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I want to adsorb atomic oxygen on a slab surface.

The adsorption energy I am calculating is around -10 eV. Which seems higher to me than I expected.

My question is this: Is this value reasonable or is there some issue in my calculation?

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To address the question in the title, I went to Catalysis-Hub and sorted the computed energies from most exothermic to most endothermic. Ignoring the C (g) entries adsorbing onto surfaces (which have computed adsorption energies around -7 eV), the most exothermic entry is $\mathrm{I_{2}\ (g)} + 2* \rightarrow 2 \mathrm{I}^*$ on a Pt(111) surface with a value of -3.49 eV with the SCAN functional. This definitely seems very exothermic to me.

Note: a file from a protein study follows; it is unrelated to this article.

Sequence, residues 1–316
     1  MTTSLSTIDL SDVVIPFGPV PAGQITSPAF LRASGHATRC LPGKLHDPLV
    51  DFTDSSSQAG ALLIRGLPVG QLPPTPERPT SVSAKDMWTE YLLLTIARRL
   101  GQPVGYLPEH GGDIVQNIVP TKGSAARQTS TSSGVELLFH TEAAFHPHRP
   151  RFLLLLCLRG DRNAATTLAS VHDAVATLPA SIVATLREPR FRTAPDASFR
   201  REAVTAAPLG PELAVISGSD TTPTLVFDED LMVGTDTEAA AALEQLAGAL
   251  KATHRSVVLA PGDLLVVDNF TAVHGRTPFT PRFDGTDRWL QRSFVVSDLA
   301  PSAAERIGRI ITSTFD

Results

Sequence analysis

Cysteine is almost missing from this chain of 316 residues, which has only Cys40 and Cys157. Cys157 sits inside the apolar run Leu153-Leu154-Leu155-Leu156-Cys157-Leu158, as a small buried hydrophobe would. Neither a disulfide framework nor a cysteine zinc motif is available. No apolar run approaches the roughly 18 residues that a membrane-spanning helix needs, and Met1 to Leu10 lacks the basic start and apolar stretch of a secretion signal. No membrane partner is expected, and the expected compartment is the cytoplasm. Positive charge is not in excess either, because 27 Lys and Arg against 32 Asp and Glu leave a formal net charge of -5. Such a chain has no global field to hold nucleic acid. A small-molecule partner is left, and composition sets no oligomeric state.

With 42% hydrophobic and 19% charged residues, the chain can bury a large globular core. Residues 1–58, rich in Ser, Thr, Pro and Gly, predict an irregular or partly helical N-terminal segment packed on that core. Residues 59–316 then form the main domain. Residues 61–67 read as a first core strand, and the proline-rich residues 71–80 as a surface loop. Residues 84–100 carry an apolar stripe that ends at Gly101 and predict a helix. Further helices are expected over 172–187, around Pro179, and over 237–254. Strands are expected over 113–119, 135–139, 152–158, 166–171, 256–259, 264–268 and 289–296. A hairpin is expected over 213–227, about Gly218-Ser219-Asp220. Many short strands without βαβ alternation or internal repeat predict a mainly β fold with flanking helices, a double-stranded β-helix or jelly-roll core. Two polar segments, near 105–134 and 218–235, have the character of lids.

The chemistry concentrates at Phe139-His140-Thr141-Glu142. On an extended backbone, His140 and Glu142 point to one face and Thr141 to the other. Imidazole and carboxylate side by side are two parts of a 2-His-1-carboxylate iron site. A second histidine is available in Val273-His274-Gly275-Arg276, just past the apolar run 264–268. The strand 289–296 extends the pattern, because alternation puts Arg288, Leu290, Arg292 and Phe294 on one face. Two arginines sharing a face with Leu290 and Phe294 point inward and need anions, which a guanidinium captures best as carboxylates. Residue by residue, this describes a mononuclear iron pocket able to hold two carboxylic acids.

Anyway, for what you're actually asking, -10 eV sounds far too exothermic. It is almost certainly unreasonable. Perhaps your surface structure rearranged upon adsorption, there is some algebra error, some settings were changed, or a spin state was not correctly accounted for.

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  • $\begingroup$ Is I_{2} meant to be $I_2$ ? $\endgroup$ – Nike Dattani Apr 30 '20 at 21:20
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    $\begingroup$ Yup, adjusted now. $\endgroup$ – Andrew Rosen Apr 30 '20 at 21:22
  • $\begingroup$ What about the * for the 2? $\endgroup$ – Nike Dattani Apr 30 '20 at 21:24
  • $\begingroup$ No, that should not be superscripted because it's considered a species. It should be superscript on the I^* though to indicate the phase. IMO. $\endgroup$ – Andrew Rosen Apr 30 '20 at 21:24
  • $\begingroup$ Okay, I was just asking, because the original version had a superscript :) $\endgroup$ – Nike Dattani Apr 30 '20 at 21:25

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